Leeds United's recent Companies House activity explained after fresh San Francisco 49ers investment
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49ers Enterprises, an investment arm of NFL giants the San Francisco 49ers, recently upped their stake in the Whites to 44 per cent.
The American franchise first invested in the Elland Road outfit in 2018 with an initial purchasing of 15 per cent, before upping their investment and control in January of this year to a further 37 per cent.
Paraag Marathe, president of 49ers Enterprises, was announced as the club's vice-chairman and has now become involved in the day to day running of operations in LS11 over the last 11 months.
Chairman Andrea Radrizzani continues to maintain a majority shareholding of Leeds through Aser Ventures with 56 per cent ownership but has welcomed added investment following promotion to the Premier League.
This week, the statement of capital following the transfer of shares was confirmed on Companies House after the recent increased investment by 49ers Enterprises, which was officially announced last week via the club's website.
There were also a number of resolutions submitted in the aftermath: resolution of allotment of securities, resolution of removal of pre-emption rights, resolution of varying share rights or name, resolution of adoption of articles of association.
The further activity sparked questions from supporters about what it meant for the club overall. This, though, is entirely in keeping with the recent movement at board level in West Yorkshire and also occurred in early February, when the last investment was officially processed in paperwork form.
"It happens every time there is a big investment. There's nothing to be worried about at all," Price of Football podcast presenter Maguire explained to the Yorkshire Evening Post.
"It's very common practice and I see a lot of clubs getting new investment and this is one of the things that happens in terms of tweaking the constitution, giving shareholders rights, changing some of the existing rights and also what happens if you want to sell.
"It's legal rather than finance. It's all to do with the rights of the shareholders and the ability they have to sell their shares.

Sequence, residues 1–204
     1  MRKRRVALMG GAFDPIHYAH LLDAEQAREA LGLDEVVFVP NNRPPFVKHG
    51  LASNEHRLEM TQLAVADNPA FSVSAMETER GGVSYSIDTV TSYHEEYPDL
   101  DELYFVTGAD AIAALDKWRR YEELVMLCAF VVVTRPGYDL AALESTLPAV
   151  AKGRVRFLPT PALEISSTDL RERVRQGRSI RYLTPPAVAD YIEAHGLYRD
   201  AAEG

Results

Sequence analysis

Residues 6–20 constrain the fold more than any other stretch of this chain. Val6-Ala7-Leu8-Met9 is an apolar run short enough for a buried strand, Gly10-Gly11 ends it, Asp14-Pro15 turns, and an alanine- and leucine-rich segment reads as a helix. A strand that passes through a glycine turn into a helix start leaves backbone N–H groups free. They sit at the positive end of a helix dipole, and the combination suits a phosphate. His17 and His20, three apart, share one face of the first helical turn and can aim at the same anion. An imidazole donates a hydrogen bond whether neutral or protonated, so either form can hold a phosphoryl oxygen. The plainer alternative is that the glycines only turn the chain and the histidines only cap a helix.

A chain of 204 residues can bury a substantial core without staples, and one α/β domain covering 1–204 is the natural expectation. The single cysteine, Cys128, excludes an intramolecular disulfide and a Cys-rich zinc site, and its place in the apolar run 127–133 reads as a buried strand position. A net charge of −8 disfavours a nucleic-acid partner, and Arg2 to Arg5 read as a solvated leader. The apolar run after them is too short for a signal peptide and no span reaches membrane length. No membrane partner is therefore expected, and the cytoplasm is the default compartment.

“If you, or I, owned 50 per cent of a company and I was thinking of selling, under many constitutions if I received an offer for the shares I’d then have to say to my fellow investors that I’ve had an offer, but you have first refusal.
"Otherwise, you could end up in a partnership with someone you don't like, that is the standard approach. Sometimes those rules change when companies get bigger."
In a statement last week, Leeds CEO Angus Kinnear revealed he was “delighted to see Aser and 49ers Enterprises strengthen their partnership" following the recent sale of more shares to the club's American partners.
Radrizzani has openly discussed wanting to turn the Whites into a European heavyweight once again alongside his wish of owning a number of clubs across the world, much like City Football Group - the owners of current Premier League champions Manchester City,
"We had Paraag on the show [Price of Football] a few months ago. He seemed very bullish about the club's prospects overall," Maguire said of the continued increased investment from 49ers Enterprises.
"Now that they [the 49ers] are involved with the club on a day to day basis through board representation he must have fed that back to San Francisco.
"They clearly like what is happening at Leeds and therefore they want to increase the investment, as you would do for any company in which you have a positive view.
"If they weren't happy they would be selling and not buying more shares, so it can only be a positive thing."